A growing number of teens are starting to use devices that are similar to e-cigarettes, with names such as "hookah pens," "e-hookahs" or "vape pens."
The devices are being marketed to avoid the stigma associated with smoking any kind of cigarette, The New York Times reports.
The new devices are colorful and come in candy flavors, but are otherwise almost identical to e-cigarettes, according to the article.
Like e-cigarettes, they have nicotine and other chemicals, which are unregulated.
Health officials say surveys about e-cigarette use generally don't ask about these other products, so they may be greatly underestimating how many people are using e-cigarettes and similar devices. They say teens appear to view e-cigarettes and e-hookahs as being different products, even though they are basically the same.
Many young people say they are not interested in using e-cigarettes, but have tried hookah pens, vape pens or e-hookahs.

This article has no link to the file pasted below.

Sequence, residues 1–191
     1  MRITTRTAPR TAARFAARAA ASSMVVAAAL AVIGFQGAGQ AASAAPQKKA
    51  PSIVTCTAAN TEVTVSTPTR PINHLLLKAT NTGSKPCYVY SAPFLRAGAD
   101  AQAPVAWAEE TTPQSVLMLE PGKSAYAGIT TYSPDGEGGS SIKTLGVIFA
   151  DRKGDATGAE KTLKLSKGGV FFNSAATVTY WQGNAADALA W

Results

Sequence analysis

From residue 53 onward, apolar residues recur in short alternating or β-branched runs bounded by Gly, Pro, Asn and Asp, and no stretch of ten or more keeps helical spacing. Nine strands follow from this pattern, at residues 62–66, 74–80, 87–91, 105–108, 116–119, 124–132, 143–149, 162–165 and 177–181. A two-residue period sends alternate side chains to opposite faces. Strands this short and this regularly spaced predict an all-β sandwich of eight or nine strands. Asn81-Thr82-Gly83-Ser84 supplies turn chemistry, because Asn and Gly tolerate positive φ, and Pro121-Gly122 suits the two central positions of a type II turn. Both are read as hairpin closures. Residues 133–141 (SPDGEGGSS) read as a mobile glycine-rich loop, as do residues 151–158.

Emily Anne McDonald of the University of California, San Francisco, who is studying e-cigarette use among young people, told the newspaper that the lack of information about nicotine-vapor products was creating a vacuum "so that young adults are getting information from marketing and from each other. We need to understand what people are calling these before we send out large surveys," she said. Otherwise the responses are not accurate, "and then you're back to the beginning."
Critics of e-cigarettes say secondhand vapor is a pollutant, and e-cigarettes can get more people addicted to nicotine.
The Food and Drug Administration (FDA) will soon propose rules on regulating e-cigarettes.
The FDA is expected to consider e-cigarettes as tobacco products, which will allow the agency to provide the same federal oversight that applies to cigarettes, chewing tobacco, cigarette tobacco, and roll-your-own tobacco. E-cigarettes could be subjected to the same requirements for disclosure of ingredients, manufacturing quality and restrictions on sales to minors that apply to regular cigarettes.